Deaths by suicide declined in 2020
updated: Apr. 21, 2021
The American foundation for suicide prevention has stated that there was a decline in deaths by suicide by almost 6% from the year 2019 to 2020. This gives a glimmer of hope for the future in what has been rather a glum year where overall deaths increased by 17.7% in 2020, from the previous year, most of those directly attributable to COVID-19.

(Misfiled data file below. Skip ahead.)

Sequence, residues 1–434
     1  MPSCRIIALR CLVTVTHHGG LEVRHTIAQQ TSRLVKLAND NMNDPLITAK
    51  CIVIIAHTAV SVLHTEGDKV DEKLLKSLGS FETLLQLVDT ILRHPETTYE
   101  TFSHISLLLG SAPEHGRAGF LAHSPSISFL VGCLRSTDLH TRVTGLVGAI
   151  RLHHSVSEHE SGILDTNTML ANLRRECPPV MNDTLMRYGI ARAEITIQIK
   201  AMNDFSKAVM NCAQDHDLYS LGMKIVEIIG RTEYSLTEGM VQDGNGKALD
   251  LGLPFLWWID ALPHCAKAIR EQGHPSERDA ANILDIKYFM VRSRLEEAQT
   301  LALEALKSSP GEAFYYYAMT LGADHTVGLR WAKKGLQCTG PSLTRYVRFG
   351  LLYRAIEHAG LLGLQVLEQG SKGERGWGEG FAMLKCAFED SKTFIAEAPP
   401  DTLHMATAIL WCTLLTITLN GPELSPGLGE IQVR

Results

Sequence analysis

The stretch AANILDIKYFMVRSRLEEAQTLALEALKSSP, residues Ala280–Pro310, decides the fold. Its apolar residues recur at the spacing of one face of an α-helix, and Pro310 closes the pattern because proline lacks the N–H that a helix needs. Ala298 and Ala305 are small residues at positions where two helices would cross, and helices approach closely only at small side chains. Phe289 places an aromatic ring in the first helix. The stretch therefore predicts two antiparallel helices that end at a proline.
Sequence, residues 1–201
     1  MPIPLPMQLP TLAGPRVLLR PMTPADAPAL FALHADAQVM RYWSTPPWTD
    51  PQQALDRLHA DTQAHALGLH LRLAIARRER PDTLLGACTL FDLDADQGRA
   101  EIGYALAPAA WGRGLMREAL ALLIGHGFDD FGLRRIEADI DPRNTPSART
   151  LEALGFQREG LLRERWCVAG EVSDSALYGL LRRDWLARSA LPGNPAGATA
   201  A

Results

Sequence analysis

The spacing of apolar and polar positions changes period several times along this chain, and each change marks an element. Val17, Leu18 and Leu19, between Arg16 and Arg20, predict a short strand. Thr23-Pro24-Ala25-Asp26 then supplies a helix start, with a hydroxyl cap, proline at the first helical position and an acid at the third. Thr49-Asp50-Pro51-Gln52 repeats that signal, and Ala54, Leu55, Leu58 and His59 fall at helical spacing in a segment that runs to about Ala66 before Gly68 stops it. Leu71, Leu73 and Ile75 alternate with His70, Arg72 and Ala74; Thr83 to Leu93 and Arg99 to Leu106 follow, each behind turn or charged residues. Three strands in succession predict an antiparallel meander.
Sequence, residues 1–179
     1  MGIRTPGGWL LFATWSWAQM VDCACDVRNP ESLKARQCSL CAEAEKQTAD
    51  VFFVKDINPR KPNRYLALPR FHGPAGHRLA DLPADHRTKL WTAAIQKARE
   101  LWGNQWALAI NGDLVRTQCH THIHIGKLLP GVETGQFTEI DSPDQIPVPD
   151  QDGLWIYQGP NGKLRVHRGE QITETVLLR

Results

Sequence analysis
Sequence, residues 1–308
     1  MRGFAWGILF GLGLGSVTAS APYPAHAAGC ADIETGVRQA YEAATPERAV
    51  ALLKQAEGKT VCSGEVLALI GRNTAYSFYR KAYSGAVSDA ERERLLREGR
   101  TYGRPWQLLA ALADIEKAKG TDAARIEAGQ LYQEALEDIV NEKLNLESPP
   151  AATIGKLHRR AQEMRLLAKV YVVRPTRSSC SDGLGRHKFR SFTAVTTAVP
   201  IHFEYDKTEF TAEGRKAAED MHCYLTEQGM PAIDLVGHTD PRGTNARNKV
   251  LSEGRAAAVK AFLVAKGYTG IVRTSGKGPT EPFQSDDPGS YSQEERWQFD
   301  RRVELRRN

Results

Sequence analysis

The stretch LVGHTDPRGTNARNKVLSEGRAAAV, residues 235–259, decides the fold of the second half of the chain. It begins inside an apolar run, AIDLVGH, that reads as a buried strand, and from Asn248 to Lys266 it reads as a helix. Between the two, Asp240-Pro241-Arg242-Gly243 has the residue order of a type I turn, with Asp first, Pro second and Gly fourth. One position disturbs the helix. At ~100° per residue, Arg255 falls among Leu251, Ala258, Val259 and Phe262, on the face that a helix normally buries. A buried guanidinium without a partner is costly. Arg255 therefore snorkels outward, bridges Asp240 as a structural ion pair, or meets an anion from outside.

It is reassuring that protective mental health measures are having a positive impact in the time of collective national tragedy in the form of COVID-19. Research shows that prioritizing and having open honest dialogue about mental health on the national and individual levels, implementing practices that reduce suicide risk in all settings, and seeking help early can reduce suicide deaths. Even though this data is encouraging, much remains to be seen with the long-term impact of COVID-19 on suicides. Many complex risk factors can lead to suicidal ideation including isolation, depression, anxiety, economic stress. Community cohesion that often results or follows a national catastrophe like COVID-19 can, have been beneficiall effects. However it is likely that we can expect a long tail of mental health effects from COVID-19.